« Who Will Bring Us Together? | Main | The New President's Mandate »

Why Jill Stein and Her Supporters Have Failed

I regard myself as a progressive. I voted for Bernie Sanders in the Democratic primary. I am in favor of cutting the military budget, I’m against the death penalty, I’m in favor of higher taxes on the rich, I am against TPP (though not against global trade or all trade deals), I’m for Medicare for All, I think our greatest danger is global warming. But now I’m voting for Hillary Clinton for President. A third of my “Facebook friends” are backing Green Party candidate Jill Stein. I’m flooded with arguments from friends and even relatives about why it violates their consciences to “choose the lesser evil” or “vote out of fear” by picking Hillary Clinton over Donald Trump. To judge by my Twitter and Facebook accounts, the country is about to be astonished by a massive show of support for Jill Stein and the Green Party on election day.

But Jill Stein is running at 2% of the vote in virtually all of the polls.

Obviously there is a disconnect between many of my friends and the rest of the populace. But more importantly, there is a disconnect between the progressive movement in this country and the rest of the country. Why? In a year when Bernie Sanders came close to winning the Democratic nomination for President, why has the progressive movement now faded into the distant background?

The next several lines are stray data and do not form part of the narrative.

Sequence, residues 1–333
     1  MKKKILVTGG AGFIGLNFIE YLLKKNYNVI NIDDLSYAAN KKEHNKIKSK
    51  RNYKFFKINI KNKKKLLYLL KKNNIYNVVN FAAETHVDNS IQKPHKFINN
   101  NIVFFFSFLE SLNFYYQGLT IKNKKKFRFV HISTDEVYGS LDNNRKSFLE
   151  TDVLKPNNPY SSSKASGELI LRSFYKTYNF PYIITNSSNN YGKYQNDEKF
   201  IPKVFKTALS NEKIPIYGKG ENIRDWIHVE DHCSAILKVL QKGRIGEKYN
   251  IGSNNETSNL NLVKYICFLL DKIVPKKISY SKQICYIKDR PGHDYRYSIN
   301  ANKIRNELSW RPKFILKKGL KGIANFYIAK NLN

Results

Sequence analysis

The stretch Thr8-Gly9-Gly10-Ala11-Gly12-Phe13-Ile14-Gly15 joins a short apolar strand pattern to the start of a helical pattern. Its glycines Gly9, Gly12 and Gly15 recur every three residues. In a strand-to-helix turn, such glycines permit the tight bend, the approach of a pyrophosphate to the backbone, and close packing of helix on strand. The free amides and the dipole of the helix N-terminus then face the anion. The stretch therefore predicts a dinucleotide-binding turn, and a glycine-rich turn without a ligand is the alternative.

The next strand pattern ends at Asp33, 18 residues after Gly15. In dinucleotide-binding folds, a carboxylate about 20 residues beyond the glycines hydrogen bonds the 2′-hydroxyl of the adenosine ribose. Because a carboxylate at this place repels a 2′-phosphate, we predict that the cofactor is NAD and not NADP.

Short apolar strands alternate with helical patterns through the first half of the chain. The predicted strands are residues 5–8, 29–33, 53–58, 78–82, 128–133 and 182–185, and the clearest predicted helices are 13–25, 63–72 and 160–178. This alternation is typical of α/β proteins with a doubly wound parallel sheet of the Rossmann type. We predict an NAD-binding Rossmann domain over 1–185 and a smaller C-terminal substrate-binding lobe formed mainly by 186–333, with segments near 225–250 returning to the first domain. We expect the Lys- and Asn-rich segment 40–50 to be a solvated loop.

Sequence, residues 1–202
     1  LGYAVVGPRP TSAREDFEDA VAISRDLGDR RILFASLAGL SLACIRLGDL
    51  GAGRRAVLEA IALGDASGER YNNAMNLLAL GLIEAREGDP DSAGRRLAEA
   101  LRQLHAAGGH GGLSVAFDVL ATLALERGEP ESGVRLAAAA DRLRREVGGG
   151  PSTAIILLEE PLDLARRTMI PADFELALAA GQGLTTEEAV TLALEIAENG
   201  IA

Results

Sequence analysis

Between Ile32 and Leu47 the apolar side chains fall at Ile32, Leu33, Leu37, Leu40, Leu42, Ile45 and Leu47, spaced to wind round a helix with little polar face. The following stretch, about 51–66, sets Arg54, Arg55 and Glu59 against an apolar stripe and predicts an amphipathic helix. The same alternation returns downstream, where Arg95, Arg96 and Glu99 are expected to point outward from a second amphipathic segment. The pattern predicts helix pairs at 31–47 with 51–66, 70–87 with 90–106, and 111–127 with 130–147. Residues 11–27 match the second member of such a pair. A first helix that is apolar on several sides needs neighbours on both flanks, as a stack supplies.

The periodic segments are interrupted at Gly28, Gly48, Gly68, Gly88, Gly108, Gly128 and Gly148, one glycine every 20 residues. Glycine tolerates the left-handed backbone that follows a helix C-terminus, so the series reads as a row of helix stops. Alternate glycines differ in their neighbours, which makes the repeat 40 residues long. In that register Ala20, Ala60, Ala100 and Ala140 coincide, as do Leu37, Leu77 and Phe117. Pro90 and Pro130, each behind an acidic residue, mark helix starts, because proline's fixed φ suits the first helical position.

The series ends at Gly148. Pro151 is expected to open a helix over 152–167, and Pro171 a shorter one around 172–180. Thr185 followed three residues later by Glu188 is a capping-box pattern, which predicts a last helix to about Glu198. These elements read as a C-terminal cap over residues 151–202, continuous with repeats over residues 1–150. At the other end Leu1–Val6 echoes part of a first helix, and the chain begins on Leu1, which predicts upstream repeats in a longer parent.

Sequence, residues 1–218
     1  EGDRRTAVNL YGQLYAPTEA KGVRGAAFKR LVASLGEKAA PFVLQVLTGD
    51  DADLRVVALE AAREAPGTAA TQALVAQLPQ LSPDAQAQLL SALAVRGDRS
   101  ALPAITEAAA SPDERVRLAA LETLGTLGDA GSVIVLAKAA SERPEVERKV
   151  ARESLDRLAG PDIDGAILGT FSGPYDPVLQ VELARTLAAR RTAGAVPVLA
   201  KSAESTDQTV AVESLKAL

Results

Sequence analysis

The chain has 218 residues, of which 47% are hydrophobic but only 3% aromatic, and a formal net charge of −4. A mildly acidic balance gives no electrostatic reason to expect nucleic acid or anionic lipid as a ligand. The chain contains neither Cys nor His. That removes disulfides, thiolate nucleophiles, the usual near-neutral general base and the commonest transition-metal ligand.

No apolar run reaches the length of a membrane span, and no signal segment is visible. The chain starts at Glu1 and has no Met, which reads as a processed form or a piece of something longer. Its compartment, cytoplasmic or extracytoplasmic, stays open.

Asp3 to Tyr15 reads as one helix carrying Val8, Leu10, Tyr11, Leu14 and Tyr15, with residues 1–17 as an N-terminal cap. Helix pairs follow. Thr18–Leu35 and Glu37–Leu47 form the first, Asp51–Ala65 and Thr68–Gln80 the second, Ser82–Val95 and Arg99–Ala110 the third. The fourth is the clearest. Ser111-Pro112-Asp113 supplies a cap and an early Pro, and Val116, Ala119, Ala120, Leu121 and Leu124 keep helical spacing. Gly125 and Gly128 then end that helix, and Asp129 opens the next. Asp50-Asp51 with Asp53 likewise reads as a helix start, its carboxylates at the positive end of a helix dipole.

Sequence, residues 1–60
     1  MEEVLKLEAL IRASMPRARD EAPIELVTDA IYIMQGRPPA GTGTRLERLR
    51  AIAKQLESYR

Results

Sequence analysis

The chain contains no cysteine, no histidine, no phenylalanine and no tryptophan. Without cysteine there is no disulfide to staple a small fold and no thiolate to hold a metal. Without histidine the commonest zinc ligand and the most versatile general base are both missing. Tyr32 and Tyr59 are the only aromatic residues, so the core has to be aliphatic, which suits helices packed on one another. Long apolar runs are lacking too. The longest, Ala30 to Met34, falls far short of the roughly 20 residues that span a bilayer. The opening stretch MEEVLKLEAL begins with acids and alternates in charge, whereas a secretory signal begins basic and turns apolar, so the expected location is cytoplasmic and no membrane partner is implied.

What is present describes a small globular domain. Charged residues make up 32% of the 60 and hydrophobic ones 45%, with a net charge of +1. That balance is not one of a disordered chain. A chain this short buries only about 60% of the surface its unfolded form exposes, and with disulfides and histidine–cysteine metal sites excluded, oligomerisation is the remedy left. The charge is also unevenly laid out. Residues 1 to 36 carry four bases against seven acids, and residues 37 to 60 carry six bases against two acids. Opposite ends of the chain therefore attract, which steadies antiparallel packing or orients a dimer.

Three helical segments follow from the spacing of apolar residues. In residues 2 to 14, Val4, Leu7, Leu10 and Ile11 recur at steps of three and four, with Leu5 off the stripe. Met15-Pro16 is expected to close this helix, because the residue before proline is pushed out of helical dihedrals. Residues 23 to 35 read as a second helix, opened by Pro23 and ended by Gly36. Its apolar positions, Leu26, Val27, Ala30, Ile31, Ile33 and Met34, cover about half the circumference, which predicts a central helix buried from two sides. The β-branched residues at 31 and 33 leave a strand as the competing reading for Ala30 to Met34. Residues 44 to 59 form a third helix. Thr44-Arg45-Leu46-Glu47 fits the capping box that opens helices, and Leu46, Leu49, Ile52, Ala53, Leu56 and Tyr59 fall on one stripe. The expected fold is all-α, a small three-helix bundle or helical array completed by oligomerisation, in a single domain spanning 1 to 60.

One possibility is that it hasn’t. When Politifact compared the four political candidates (Trump, Clinton, Stein and Johnson) on their positions on the Middle East, Immigration, Health Care, Taxes and Gun Control, there was only a slight difference between the positions of Stein and Clinton on any issues, and no difference on most. Clinton was pushed to the left by Sanders’ candidacy and the effort to corral his supporters for the general election. She changed her mind on issues such as the TPP and the Keystone pipeline, adopted Sanders’ plan for tuition free public college, at least for low and middle-income families, and his goal of a $15 minimum wage. She has consistently supported higher taxes on the rich and less on the poor, immigration reform with a goal of citizenship for undocumented immigrants and criminal justice system reform. Her position on gun control is identical to Stein’s and more restrictive than Sanders’. If, and it’s a big if, the Democrats can control at least one of the houses of Congress, then Clinton may even have a chance of achieving some of these goals.